Castles, Civilizations and the Know-Nothings

Why do we hold the ancients so tightly in our imaginations?

Civilization, I suppose. Because they are not built all at once: the brilliant dream of a tyrant, the epic ambitions of an emperor king. Plans of individual men – no matter how powerful – will fall away if they hold no place in the imaginations of their people. Genghis Khan seated upon a throne of fur under a camel skin tent is remembered no more, despite the flashing reach of his armies. No, civilizations are built in layers, by the strength of the backs and the immense acts of discipline of successive generations of men adding their own strength and texture and character to the work of others.

A castle.

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Eltz Castle, Outside Frankfurt – Germany

Castles are built like that – over centuries. Each level impregnated by the environments, the times; rains whipped around by the winds, a drought, black earth rich with minerals – soot from a fire and blood from an attack. It starts small – humble sometimes. A few rooms – a simple roof. Then the castle expands as the family grows, rising upwards responding to the needs of new children, new wives brought home in happiness and celebration, new wealth. It ebbs and flows with the fates of the family. Kitchens added, innovations adopted; hostility brings walls and ramparts and moats. Poverty cloisters halls too cold to heat, and the once-grand furniture fills with termites and mice.

A castle is the visual eternal representation of Europe’s civilizations, reminding us of when it all began and the risks taken to bring us to where we are. Of war and aggression: politics and power. Often times of violence – though the violence is not the mortar of the civilization any more than it is the cement of castles. The perpetual search for peace and protection, of our property and our family and our futures – that is what a castle represents.

So why then do many people want to deny us our past? Why does the brutishness of our ancestors offend so? And why do the stories of tremendous resilience, of family and purpose and fight and faith offend them? We are told that because they were not perfect – that they held prejudice in their hearts or often misbehaved – we are not to look to them; certainly not as a means to better understand ourselves. As if we are not even now brutish and vile – albeit in different ways. As if the progress we have been sold, so carefully scraped of all vestiges of the past, is even healthy – even progress at all really, instead of another dark age served to us by know-nothings.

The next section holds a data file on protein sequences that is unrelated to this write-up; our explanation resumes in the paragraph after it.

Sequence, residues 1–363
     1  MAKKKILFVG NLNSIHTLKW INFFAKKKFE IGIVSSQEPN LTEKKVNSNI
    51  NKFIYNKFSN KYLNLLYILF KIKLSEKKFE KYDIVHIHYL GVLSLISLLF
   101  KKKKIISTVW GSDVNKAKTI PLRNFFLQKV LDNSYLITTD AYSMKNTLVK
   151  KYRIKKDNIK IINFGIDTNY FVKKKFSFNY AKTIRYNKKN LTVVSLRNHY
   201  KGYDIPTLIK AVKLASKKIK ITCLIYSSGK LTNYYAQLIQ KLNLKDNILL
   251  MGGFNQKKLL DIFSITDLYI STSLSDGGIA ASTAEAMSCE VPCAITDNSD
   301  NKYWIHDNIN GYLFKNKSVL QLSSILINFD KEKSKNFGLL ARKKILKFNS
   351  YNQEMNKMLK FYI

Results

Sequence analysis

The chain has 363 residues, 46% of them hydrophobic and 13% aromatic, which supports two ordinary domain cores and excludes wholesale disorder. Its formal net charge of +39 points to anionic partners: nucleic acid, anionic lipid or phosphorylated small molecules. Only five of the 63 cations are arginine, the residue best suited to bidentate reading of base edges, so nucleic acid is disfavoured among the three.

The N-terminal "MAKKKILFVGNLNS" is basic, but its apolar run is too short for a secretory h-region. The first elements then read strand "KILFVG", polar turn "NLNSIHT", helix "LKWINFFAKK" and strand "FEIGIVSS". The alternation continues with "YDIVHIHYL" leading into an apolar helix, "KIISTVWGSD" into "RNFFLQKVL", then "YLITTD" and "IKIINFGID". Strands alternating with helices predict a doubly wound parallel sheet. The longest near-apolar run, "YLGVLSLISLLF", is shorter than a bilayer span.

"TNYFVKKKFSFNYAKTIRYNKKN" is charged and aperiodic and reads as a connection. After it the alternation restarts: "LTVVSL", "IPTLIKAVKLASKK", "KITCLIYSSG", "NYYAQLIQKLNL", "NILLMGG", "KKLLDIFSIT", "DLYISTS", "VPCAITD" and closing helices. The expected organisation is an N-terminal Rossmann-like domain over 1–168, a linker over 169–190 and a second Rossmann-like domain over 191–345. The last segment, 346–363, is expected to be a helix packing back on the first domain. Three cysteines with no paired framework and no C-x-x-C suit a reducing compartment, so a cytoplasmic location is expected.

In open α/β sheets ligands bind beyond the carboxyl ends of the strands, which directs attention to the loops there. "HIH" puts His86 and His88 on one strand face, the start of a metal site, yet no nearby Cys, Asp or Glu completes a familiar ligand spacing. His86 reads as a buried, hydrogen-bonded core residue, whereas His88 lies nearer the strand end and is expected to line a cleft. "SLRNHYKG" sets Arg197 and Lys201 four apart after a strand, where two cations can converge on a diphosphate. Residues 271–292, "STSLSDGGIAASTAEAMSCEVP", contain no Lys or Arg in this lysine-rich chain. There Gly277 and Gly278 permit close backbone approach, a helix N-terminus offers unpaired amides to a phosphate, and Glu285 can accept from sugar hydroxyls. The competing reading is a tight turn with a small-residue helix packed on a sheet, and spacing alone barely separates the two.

How can it be? All journeys are measured from their starting points. And all paths are straightened only by looking back at our “great cloud of witnesses” for signals. Taking that from us only makes our life shallower, narrower like a canyon in which we can neither see in front, behind or above. Caught in the eternal bewilderment of now.

I for one love the castles – walking through them, imagining how life had been and reveling at the ability of some things to endure despite the constant erosion of the levelers. And as I walk through the old buildings that hum with past, I feel sorry for those who – looking at a spontaneous civilization see only their own petty predilections.

That must be the real brutish place.

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About Joel D. Hirst

Joel D. Hirst is a novelist and a playwright, author of the recently released novel "Lords of Misrule" about jihad in the Sahara. Joel has also written "The Lieutenant of San Porfirio" and its sequel "The Burning of San Porfirio".
This entry was posted in Honor, Liberty, philosophy, Travel, Uncategorized and tagged , . Bookmark the permalink.

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